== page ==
This week, news broke that Pfizer’s COVID-19 vaccine is more than 90 percent effective was initially met with excitement and optimism. The headline was promising, delivering almost full prevention of symptomatic illness. However, the full details of the study analysis have not yet been released. This void has left scientists and physicians with questions on the individuals enrolled in the testing. What were their ages and backgrounds? We know that the virus produces the most risk for children, pregnant women, those with compromised immune systems, pre-existing conditions, co-morbidities, and seniors. Would this vaccine also be effective in protecting against possible reinfection?

One win for the Pfizer vaccine trial was that this uses new messenger-RNA (mRNA) technology. This delivery system trains the immune system to target the “spikes” (spike protein) of coronavirus versus using a small dose of the virus to allow the body to fight and overcome the infection. Much of what we have learned about mRNA vaccines comes from research on cancer, where the oncology field uses tumor mRNA to activate the body’s T-cells (part of the immune system) to destroy cancer tumors. Researchers in this area admit that there are many unknowns in mRNA, like whether these vaccines can trigger a strong and safe immune response in humans that doesn’t produce side effects like inflammation or aggravate the infection.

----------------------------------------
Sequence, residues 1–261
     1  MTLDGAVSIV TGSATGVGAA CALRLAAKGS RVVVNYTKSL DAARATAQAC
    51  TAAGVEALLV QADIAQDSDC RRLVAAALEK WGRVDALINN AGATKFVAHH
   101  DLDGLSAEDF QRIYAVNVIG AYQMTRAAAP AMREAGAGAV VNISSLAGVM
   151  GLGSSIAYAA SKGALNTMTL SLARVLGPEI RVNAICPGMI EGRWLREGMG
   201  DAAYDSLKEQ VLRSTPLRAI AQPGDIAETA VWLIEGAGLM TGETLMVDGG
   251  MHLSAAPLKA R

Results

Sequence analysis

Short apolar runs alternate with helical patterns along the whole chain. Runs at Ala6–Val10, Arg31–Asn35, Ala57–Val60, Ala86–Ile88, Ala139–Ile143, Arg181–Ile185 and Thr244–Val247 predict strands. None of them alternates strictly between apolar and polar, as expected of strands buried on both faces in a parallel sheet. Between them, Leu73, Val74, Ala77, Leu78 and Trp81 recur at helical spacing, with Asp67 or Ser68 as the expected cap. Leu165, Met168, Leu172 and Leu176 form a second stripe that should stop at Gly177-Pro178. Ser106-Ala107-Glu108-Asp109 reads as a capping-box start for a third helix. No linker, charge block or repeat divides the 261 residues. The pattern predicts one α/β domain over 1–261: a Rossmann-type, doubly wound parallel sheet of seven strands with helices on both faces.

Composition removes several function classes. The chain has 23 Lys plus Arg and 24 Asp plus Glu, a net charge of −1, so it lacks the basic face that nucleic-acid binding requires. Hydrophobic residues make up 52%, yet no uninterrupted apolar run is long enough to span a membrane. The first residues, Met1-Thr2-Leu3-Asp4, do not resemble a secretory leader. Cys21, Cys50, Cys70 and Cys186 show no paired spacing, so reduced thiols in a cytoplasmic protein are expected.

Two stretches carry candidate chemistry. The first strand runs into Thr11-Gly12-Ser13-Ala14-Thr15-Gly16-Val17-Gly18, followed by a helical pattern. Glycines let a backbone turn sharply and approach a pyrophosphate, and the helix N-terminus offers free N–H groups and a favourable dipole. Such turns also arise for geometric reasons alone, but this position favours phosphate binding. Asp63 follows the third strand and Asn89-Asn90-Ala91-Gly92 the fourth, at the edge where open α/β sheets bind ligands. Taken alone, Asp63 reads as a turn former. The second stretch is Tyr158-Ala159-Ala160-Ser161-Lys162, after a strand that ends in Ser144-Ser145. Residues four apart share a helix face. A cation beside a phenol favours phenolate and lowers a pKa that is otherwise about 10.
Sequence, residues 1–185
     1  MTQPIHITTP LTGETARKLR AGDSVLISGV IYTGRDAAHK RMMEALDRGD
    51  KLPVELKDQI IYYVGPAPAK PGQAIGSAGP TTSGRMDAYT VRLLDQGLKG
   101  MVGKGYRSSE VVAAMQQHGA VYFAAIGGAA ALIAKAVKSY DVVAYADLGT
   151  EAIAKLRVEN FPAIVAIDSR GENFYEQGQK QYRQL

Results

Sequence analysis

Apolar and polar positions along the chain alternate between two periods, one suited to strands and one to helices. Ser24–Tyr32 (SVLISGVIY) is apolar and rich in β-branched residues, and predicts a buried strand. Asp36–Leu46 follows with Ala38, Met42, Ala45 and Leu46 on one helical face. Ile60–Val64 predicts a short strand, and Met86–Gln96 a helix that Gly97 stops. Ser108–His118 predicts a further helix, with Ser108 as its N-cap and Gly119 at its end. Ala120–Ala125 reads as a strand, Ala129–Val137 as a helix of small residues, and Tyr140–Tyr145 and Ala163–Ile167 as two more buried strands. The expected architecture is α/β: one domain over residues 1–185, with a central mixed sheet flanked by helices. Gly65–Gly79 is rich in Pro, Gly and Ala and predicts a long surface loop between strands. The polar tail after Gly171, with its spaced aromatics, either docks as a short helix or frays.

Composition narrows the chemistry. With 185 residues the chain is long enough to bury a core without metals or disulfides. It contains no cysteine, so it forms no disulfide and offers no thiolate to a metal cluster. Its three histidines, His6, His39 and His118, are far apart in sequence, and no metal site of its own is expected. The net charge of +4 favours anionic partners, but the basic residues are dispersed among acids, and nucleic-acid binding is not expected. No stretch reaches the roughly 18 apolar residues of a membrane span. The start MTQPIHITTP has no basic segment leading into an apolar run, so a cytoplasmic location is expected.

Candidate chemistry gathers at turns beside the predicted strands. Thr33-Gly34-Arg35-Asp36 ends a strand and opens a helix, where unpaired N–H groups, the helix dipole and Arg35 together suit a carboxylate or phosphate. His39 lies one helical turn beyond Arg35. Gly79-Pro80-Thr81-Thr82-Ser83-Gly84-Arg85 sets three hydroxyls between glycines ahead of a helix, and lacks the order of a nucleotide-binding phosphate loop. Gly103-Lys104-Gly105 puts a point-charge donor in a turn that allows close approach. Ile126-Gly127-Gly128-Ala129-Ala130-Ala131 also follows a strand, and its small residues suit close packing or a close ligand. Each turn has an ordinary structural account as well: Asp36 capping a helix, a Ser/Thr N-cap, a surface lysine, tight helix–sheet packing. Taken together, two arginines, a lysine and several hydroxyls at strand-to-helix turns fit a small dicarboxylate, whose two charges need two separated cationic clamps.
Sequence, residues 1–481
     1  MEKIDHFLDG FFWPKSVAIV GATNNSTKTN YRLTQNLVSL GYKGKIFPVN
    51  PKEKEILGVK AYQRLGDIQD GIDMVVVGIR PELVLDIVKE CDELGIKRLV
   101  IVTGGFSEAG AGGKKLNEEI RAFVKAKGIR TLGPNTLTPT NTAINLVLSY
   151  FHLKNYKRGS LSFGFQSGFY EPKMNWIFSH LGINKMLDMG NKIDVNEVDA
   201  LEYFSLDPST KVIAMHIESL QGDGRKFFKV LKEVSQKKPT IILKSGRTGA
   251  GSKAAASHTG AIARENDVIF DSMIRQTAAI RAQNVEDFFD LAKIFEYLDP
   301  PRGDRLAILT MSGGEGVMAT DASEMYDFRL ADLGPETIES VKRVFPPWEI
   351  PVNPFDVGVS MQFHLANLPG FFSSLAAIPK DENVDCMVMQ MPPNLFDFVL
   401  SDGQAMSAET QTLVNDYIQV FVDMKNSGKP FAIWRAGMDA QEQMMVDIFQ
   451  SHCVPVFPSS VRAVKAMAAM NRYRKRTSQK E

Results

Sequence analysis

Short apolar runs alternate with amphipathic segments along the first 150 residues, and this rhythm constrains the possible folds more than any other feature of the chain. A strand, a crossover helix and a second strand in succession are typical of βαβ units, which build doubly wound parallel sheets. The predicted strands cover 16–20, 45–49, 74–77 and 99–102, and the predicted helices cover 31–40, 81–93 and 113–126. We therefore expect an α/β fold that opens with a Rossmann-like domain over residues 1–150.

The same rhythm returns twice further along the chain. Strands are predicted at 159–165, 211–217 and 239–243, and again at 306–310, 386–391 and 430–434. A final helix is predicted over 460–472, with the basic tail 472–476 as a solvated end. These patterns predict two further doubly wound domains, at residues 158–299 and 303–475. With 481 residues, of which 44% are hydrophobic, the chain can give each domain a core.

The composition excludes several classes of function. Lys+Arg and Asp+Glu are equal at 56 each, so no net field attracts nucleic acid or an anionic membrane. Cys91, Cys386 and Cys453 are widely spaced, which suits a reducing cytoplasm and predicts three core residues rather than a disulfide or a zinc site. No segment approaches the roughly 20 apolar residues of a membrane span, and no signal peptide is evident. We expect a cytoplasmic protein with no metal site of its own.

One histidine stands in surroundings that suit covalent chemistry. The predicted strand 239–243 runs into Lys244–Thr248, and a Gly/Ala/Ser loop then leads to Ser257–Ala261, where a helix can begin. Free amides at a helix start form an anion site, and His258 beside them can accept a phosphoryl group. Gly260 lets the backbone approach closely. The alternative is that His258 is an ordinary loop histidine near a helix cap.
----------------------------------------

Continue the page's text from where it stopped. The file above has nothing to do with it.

The hope in the coronavirus research is that mRNA would turn the healthy body cells into hunters, almost an anti-virus force preventing those receiving the vaccine dose from becoming infected with SARS-CoV-2, the virus that causes COVID-19. Another sign of encouragement with an mRNA vaccine is that it is easier to mass-produce than traditional vaccines. Scientific experts estimate just a few months instead of the standard 1-2 years for manufacturing.

Lost in the excitement of the first COVID vaccine candidate’s advancement to market where the challenges with the distribution issues. For one, the Pfizer vaccines must be administered within five days after being thawed from their subzero storage temperatures. If not, the shots go bad. This creates a logistics challenge, not only in creating a deep-freeze storage/transfer network to transport the drug but also vaccination centers that have the proper storage equipment. The World Health Organization has stated their goal to raise almost $20 billion to purchase vaccines for poorer countries. Even with assistance funds, there will be many areas that cannot afford to build proper facilities or are simply too distant for safe, reliable transport. Moderna, one of the many other possible COVID vaccine candidate drugmakers, shared that it expects to have news on the data of the first analysis of its testing by the end of the month. As the picture clears on the effectiveness of possible vaccines and how the drugs are adminstered, we can understand the point made by health experts that there will mostly be multiple vaccines for COVID.